Background Currently, there is limited literature on the impact of the COVID-19 infection on medications and medical conditions in COVID-19 intensive care unit (ICU) survivors. Our study is, to our knowledge, the first multicenter study to describe the prevalence of new medical conditions and medication changes at hospital discharge in COVID-19 ICU survivors. Objective To determine the number of medical conditions and medications at hospital admission compared to at hospital discharge in COVID-19 ICU survivors. Methods Retrospective multicenter observational study (7 ICUs) evaluated new medical conditions and medication changes at hospital discharge in patients with COVID-19 infection admitted to an ICU between March 1, 2020, to March 1, 2021. Patient and hospital characteristics, baseline and hospital discharge medication and medical conditions, ICU and hospital length of stay, and Charlson comorbidity index were collected. Descriptive statistics were used to describe patient characteristics and number and type of medical conditions and medications. Paired t-test was used to compare number of medical conditions and medications from hospital discharge to admission. Results Of the 973 COVID-19 ICU survivors, 67.4% had at least one new medical condition and 88.2% had at least one medication change. Median number of medical conditions (increased from 3 to 4, P < .0001) and medications (increased from 5 to 8, P < .0001) increased from admission to discharge. Most common new medical conditions at discharge were pulmonary disorders, venous thromboembolism, psychiatric disorders, infection, and diabetes. Most common therapeutic categories associated with medication change were cardiology, gastroenterology, pain, hematology, and endocrinology. Conclusion and Relevance Our study found that the number of medical conditions and medications increased from hospital admission to discharge. Our results provide additional data to help guide providers on using targeted approaches to manage medications and diseases in COVID-19 ICU survivors after hospital discharge.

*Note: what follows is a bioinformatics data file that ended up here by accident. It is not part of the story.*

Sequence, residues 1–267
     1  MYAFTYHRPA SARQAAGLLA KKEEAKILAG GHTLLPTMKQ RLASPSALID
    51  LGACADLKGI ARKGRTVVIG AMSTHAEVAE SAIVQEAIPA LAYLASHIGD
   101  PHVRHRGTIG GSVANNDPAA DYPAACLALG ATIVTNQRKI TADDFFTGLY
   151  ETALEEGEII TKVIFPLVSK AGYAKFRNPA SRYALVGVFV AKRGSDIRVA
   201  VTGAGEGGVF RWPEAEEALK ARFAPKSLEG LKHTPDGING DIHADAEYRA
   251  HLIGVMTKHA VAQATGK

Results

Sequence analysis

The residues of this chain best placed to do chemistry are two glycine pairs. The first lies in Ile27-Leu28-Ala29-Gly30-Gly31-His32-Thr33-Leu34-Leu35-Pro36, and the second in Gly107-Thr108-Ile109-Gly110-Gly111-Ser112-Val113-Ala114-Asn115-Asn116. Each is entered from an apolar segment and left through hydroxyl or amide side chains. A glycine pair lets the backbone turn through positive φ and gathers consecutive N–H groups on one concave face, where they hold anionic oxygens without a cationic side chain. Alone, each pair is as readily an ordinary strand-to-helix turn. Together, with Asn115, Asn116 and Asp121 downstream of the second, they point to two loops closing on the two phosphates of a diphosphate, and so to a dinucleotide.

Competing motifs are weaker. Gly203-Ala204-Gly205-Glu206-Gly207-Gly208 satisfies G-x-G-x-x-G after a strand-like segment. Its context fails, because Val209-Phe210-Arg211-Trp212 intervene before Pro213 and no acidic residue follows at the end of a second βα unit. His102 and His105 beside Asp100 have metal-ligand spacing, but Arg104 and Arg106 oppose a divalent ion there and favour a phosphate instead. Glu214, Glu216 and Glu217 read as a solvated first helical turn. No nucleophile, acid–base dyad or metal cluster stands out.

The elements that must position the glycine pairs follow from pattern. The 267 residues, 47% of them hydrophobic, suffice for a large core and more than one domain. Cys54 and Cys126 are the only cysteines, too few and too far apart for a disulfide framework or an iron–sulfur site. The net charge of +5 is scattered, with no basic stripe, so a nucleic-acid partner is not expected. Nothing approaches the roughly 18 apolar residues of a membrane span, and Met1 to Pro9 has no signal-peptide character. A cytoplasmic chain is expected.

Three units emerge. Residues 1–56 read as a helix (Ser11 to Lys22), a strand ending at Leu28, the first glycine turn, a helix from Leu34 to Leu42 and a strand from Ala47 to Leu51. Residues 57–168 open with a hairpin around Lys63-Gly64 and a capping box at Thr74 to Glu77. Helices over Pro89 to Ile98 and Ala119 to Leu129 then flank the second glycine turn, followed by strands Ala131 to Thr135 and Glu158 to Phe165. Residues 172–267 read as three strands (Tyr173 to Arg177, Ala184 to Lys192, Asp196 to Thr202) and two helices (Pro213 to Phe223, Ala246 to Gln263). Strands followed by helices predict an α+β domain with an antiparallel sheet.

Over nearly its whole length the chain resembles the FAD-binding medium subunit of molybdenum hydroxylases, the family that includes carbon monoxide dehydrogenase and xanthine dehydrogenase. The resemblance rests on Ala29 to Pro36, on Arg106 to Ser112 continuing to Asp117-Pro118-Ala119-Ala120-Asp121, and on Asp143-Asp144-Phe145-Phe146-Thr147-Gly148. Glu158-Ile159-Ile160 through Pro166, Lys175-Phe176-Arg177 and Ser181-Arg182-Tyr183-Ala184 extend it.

2022 ◽  
Tamar Krishnamurti ◽  
Mehret Birru Talabi ◽  
Lisa S Callegari ◽  
Traci M. Kazmerski ◽  
Sonya Borrero

UNSTRUCTURED The United States has abysmal reproductive health indices that, in part, reflect stark inequities experienced by people of color and those with preexisting medical conditions. The growth of “femtech,” or technology-based solutions to women’s health issues in the public and private sectors, is promising; yet these solutions are often geared towards health literate, socioeconomically privileged, and relatively healthy white cis-women. In this viewpoint, we propose a set of guiding principles for building technologies that proactively identifies and addresses these critical gaps in health care for people from socially and economically marginalized populations who are capable of pregnancy, as well as those with serious chronic medical conditions. These guiding principles require that such technologies: 1) include community stakeholders in the design, development, and deployment of the technology, 2) are grounded in person-centered frameworks, and 3) address health disparities as a strategy to advance health equity and improve health outcomes.